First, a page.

Grace Episcopal Church is currently conducting a search for a new rector. Below is a summary of information gathered through workshops and personal interviews with the parishioners in preparation for creating our church profile.
1. Describe a moment in your worshiping community’s recent ministry which you recognize of one of success and fulfillment.
The descriptions below reflect two separate parishioners’ thoughts about a single recent ministry which impacted them.
“A moment of success and fulfillment for our church was the blessing of a same-sex union. We had members of the congregation attend, showing support for the couple. Many members of the congregation knew the couple previously from their attendance at Sunday services, and we were proud to be a part of the blessing. This was a time that our church rose against prejudices and judgment and treated people with respect. We welcomed them with open arms.”
“Two members of our community were homeless and we offered them shelter. They were in need and we answered. They fell in love and we opened our hearts. They found a permanent home and married. We rose to stand with them. They asked if their union could be blessed in our sanctuary. We attended the blessing in great number. Our joy was clear. Our support was equally evident. That they are both women is, perhaps, unimportant. But this was a moment of success and fulfillment for our Church.”
2. Describe your liturgical style and practice for all types of worship services provided by your community.
Grace Episcopal Church follows the traditional (formal) Episcopal liturgy. While we follow the Book of Common Prayer, our congregants are relaxed, family-friendly, not wed to formality. We offer a contemplative, Rite II, service at 8:00 a.m. For members who regularly attend our early service, it embodies the traditional approach they seek. Quiet and peaceful, the service is usually without music or song. Some refer to our 11:00 a.m. service as a “broad church approach.” While singing is the norm, this later service is more likely to vary in style and has, at times, incorporated liturgical dance, alternative music, and other creative or contemporary offerings.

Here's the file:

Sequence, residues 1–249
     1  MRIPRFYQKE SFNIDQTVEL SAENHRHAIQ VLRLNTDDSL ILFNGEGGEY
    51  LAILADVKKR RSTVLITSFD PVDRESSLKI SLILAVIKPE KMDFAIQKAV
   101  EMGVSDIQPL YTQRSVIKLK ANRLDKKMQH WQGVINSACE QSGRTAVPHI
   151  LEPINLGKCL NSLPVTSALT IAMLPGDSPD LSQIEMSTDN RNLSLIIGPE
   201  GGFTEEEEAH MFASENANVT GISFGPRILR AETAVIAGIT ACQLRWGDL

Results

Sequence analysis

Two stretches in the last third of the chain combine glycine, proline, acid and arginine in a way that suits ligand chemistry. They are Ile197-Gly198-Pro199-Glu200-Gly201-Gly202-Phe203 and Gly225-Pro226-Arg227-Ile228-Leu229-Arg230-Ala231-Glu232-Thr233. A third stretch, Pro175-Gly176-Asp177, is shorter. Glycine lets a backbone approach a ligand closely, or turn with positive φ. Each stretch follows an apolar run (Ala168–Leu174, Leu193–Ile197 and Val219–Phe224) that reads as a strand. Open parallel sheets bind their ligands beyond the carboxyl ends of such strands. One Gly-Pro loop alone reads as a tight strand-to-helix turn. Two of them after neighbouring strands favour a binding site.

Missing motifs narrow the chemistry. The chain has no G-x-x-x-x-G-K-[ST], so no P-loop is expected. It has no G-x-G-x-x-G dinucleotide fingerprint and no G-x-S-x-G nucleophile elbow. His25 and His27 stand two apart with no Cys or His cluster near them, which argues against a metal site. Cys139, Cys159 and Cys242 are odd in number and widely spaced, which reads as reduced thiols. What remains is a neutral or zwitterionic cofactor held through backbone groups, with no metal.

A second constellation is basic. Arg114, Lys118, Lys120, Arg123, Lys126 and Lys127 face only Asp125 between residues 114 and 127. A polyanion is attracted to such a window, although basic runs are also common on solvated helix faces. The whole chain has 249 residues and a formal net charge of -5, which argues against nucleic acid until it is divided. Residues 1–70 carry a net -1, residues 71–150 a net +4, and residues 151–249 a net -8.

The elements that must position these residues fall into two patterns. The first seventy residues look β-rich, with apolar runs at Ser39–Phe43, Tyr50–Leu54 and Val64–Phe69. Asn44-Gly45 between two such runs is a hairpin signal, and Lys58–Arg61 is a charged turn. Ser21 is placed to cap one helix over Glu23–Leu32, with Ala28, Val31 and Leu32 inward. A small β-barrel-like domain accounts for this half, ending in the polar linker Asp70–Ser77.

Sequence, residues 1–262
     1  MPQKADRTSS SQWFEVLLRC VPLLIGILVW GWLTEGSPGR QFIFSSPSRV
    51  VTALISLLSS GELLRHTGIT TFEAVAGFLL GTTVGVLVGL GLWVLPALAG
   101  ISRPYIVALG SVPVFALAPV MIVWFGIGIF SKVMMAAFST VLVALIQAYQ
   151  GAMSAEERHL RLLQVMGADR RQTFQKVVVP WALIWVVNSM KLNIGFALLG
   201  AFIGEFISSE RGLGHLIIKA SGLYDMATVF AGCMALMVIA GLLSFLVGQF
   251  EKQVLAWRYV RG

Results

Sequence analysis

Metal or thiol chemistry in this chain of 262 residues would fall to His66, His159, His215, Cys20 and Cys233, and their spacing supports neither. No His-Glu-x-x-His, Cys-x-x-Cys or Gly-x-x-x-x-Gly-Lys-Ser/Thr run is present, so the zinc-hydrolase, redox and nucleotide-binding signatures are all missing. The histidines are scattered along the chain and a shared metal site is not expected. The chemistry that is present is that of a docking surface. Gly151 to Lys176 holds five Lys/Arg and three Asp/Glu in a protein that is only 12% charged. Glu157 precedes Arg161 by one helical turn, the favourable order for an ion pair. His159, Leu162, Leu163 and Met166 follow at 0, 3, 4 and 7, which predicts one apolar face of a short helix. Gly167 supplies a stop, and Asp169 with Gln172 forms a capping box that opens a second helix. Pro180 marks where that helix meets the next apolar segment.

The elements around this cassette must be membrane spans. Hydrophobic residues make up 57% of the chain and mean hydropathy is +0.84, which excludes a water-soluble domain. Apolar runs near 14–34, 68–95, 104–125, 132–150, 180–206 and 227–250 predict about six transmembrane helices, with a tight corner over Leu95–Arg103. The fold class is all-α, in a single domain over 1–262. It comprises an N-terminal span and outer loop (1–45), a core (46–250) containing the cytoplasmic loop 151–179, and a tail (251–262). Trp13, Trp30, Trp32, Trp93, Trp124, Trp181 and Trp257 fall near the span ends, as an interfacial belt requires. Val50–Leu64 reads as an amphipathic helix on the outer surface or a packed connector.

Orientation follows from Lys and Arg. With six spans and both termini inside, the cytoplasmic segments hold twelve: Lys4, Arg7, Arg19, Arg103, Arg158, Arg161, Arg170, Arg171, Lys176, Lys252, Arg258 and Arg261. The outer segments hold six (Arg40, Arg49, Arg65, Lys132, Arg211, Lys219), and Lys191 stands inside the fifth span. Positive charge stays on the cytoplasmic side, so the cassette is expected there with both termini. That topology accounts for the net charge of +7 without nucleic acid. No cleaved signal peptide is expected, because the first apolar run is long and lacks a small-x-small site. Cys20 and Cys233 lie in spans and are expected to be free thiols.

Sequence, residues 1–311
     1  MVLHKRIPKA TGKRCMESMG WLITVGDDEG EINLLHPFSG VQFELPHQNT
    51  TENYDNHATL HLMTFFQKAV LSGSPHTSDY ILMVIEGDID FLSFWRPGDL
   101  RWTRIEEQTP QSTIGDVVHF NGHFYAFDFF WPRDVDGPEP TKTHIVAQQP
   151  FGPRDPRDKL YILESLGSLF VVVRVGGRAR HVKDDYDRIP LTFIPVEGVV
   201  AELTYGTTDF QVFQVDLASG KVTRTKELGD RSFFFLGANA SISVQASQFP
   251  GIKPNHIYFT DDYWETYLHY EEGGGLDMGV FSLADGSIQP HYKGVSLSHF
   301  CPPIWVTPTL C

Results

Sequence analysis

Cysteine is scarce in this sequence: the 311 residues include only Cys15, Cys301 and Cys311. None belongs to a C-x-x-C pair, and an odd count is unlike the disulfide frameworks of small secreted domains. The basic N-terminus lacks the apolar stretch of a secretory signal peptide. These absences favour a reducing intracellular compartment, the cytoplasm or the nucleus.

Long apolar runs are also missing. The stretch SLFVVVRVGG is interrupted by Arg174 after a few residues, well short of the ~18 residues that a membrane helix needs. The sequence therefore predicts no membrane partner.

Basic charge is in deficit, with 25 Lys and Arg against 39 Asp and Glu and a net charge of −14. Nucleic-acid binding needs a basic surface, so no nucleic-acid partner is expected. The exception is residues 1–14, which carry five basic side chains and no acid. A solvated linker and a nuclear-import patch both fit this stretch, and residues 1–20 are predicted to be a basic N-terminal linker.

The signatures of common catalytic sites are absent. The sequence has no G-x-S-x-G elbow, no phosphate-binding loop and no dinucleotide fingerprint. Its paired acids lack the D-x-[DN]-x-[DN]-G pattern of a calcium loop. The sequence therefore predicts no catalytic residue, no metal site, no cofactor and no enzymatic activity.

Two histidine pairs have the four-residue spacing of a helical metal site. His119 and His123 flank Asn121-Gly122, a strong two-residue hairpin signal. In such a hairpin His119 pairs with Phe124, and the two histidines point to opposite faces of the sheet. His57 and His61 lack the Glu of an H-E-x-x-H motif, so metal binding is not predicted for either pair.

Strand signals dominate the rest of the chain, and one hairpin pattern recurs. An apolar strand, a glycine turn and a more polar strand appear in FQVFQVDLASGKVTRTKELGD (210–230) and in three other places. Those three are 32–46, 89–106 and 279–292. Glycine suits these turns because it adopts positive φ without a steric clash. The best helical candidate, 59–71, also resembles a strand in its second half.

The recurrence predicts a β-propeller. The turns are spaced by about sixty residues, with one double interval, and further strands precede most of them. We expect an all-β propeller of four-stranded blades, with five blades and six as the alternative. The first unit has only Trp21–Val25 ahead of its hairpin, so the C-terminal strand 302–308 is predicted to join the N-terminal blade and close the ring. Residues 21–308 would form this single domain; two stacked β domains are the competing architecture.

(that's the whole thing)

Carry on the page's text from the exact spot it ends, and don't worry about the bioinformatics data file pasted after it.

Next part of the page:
Beyond our regular services, we participate and sponsor ecumenical observances with other community churches. We have participated in youth group activities with the Presbyterian Church of Radford. We offer Vacation Bible School, schedule group studies, and share in Lenten worship with the Presbyterian Church of Radford, Christ Lutheran Church, and St. Jude's Catholic Church.
3. Please provide words describing the gifts and skills essential to the future leaders of your worshipping community.
Spiritual, involved; a patient teacher; provides honest communication; authentic; humble; kind; accepting; loving; loyal; willing to share opinions; fiery/passionate; compassionate; faithful
4. How do you practice incorporating others in ministry?
Grace Episcopal Church incorporates others in ministry in multiple and varied ways. We invite congregants to be involved in our services and ministries, and we try to provide opportunities for them to choose involvement that best suits them. Some of the ways we practice incorporating others in regular, on-going ministries include: weekly service roles (e.g. lay reading, acolyting); monthly visitation teams of congregants who provide pastoral care to the home-bound; monthly outreach missions with different parishioners in charge (e.g. Radford Clothing Bank, Project Linus, Boys Home); weekly meals and services for Canterbury House at Radford University; daily mission to provide temporary shelter to homeless women in our “Grace Rooms.” We also involve others in seasonal or short-term ministries, such as “To Our House” (a winter-shelter program for homeless men), mission trips to Belize, and special events or services
5. As a worshipping community, how do you care for your spiritual, emotional and physical well-being?